Small-business owners have new reason for optimism, as a major U.S. bank announced a major expansion of its small business lending plans.
JPMorgan Chase & Co. said Tuesday it will lend $12 billion to U.S. small businesses in 2011, a 20 percent increase over the bank’s 2010 commitment.
Alfred J. Titone, New Jersey district director for the federal Small Business Administration, said the Chase announcement echoes other data and evidence he’s seen indicating an upswing in loan activity. A report last week out of Titone’s office showed approvals in New Jersey were up 13 percent during the first half of the federal fiscal year 2011 (which began Oct. 1); the dollar amount lent increased by 48 percent.
Titone said there are multiple reasons for the increase in lending, including incentives from the federal stimulus that “helped prime the pump, and I think folks that have been waiting have decided I think it’s time to take the plunge.”
Chase said it has increased small-business lending by 64 percent during the first quarter of 2011, making nearly 100,000 loans to businesses with annual sales of less than $20 million.
“It’s critical that we support small businesses as they continue to fuel the economic recovery across the country,” said Michael Cleary, CEO of business banking at retail financial services at Chase, in a company press release.
In New Jersey, Chase said it increased its lending to small businesses by 34 percent in 2010, making nearly 11,000 loans totaling $314 million. Spokesman Michael Fusco said in 2010, the bank created a second-look loan program, which resulted in $283 million worth of loans being granted after initially being passed over. He said the bank has also hired more than 500 business bankers, charged with increasing the bank’s reach and developing new ways to assist businesses.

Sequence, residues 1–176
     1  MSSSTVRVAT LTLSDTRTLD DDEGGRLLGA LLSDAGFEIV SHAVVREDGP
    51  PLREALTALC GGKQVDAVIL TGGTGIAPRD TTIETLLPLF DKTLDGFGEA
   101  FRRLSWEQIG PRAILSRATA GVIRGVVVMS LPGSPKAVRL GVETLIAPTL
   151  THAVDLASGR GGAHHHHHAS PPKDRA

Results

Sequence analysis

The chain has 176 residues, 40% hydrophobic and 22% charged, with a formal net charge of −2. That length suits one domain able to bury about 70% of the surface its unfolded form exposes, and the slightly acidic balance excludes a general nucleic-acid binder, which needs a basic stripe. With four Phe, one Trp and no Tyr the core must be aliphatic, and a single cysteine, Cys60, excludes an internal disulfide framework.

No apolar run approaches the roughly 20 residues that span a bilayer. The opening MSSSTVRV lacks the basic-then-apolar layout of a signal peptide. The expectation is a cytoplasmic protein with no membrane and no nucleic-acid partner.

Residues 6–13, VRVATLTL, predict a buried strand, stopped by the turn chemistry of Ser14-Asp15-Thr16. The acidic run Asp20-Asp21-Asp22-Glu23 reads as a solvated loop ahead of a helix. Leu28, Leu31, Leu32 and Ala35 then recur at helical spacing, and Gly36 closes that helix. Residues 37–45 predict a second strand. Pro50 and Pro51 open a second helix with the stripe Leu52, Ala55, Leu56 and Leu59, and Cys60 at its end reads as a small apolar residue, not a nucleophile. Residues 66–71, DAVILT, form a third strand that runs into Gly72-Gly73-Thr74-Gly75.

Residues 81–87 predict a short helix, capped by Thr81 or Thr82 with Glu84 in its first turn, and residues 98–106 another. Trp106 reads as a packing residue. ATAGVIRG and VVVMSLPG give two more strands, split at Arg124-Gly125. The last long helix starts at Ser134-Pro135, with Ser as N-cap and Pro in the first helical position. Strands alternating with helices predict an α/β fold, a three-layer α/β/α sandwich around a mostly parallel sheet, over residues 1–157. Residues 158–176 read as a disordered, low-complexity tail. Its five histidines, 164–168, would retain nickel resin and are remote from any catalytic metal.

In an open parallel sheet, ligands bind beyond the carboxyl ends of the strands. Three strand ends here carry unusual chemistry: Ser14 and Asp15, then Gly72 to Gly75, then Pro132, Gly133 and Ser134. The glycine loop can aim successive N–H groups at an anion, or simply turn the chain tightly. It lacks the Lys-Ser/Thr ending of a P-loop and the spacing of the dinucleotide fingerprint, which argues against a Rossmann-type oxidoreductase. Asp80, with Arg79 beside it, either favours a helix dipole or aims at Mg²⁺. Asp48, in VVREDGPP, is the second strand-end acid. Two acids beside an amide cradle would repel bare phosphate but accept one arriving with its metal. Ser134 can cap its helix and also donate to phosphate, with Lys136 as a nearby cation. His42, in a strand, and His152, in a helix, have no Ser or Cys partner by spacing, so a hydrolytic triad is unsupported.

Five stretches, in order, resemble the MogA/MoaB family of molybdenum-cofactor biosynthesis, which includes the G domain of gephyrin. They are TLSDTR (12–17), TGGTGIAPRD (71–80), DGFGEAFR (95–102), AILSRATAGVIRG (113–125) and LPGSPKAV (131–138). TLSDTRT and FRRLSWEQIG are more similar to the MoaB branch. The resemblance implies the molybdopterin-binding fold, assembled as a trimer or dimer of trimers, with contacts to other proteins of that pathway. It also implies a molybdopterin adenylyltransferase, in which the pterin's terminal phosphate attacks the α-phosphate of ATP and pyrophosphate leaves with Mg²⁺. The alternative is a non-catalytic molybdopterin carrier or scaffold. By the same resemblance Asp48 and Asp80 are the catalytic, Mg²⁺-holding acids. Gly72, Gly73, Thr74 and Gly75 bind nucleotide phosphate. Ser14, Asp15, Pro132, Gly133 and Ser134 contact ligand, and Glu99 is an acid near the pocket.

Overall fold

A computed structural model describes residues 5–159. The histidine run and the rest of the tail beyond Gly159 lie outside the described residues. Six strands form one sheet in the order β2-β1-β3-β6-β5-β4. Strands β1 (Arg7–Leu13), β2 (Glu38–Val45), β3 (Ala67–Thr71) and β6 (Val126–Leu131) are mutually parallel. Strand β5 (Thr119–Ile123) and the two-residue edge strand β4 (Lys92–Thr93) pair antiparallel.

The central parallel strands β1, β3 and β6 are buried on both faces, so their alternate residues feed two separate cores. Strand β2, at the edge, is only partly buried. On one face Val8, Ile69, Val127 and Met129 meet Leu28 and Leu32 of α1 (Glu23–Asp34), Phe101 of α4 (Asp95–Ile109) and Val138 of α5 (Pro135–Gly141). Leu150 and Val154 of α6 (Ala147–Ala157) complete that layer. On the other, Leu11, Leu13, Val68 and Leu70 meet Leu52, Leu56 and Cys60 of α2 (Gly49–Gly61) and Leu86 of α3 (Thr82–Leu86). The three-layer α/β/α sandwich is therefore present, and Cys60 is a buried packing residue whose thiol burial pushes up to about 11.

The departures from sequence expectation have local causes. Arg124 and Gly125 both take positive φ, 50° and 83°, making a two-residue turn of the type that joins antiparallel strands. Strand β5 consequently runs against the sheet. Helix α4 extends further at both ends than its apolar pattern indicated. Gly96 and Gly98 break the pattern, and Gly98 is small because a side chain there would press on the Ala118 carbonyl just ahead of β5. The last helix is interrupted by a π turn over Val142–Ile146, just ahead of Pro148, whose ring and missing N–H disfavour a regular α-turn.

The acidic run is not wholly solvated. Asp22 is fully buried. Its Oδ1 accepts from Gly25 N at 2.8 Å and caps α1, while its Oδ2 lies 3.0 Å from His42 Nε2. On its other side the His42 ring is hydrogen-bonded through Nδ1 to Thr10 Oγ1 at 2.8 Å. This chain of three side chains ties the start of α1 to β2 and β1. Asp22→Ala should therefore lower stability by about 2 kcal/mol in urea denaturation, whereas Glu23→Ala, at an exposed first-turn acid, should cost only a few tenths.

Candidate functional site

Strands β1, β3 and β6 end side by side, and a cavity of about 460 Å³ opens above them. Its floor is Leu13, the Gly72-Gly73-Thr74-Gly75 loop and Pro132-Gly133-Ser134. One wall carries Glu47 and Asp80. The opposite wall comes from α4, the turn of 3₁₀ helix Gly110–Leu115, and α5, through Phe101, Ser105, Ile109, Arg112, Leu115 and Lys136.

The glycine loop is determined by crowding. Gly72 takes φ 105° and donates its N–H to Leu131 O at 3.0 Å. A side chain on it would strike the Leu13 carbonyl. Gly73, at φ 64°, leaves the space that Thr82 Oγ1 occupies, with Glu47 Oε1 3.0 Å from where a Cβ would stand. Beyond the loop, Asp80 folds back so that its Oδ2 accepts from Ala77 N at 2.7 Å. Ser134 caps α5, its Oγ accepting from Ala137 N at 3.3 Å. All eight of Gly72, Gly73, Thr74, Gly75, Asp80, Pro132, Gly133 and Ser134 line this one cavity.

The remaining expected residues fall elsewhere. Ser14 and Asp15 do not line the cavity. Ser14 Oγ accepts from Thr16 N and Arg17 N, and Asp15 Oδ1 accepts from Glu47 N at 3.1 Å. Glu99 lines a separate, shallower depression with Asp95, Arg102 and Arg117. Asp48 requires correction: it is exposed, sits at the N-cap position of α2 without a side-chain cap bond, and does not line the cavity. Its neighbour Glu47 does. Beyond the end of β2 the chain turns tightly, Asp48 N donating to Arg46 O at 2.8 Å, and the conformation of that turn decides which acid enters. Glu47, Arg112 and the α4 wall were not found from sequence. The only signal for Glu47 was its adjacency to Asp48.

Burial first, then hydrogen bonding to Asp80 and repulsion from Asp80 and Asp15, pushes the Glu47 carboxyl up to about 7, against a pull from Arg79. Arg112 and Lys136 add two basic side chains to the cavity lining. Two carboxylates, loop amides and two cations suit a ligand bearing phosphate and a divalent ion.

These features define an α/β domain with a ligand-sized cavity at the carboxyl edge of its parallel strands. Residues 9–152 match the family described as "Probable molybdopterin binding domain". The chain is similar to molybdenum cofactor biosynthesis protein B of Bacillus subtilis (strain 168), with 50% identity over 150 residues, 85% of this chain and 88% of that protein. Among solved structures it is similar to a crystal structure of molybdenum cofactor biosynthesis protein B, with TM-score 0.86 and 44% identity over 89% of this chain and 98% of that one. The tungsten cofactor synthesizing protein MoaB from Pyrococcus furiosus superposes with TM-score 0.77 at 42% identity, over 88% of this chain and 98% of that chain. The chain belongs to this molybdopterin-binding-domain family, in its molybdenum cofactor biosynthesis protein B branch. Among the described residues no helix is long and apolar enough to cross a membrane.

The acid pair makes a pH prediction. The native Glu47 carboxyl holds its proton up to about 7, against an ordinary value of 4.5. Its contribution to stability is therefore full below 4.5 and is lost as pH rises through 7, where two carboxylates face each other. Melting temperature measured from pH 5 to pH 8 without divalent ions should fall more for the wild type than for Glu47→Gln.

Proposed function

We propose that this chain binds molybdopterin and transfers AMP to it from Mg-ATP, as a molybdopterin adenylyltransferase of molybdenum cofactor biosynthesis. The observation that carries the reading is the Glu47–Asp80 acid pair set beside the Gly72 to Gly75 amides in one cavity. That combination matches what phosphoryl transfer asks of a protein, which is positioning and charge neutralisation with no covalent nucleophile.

Titone said the economy is still in recovery mode, but he said lending is better than it had been during the recession.
“Don’t get me wrong — there are still businesses out there that can’t get the capital that they want,” he said. “But that’s always the case. It’s probably still a little tighter out there than it could be, but we’re definitely seeing banks loosening up.”
Titone said he’s optimistic about the economy, and he is seeing increasing evidence to back up that optimism.
“It’s great news for New Jersey that we’re seeing this increase,” he said. “There’s still a lot of work ahead, but we’re definitely on the right track.”
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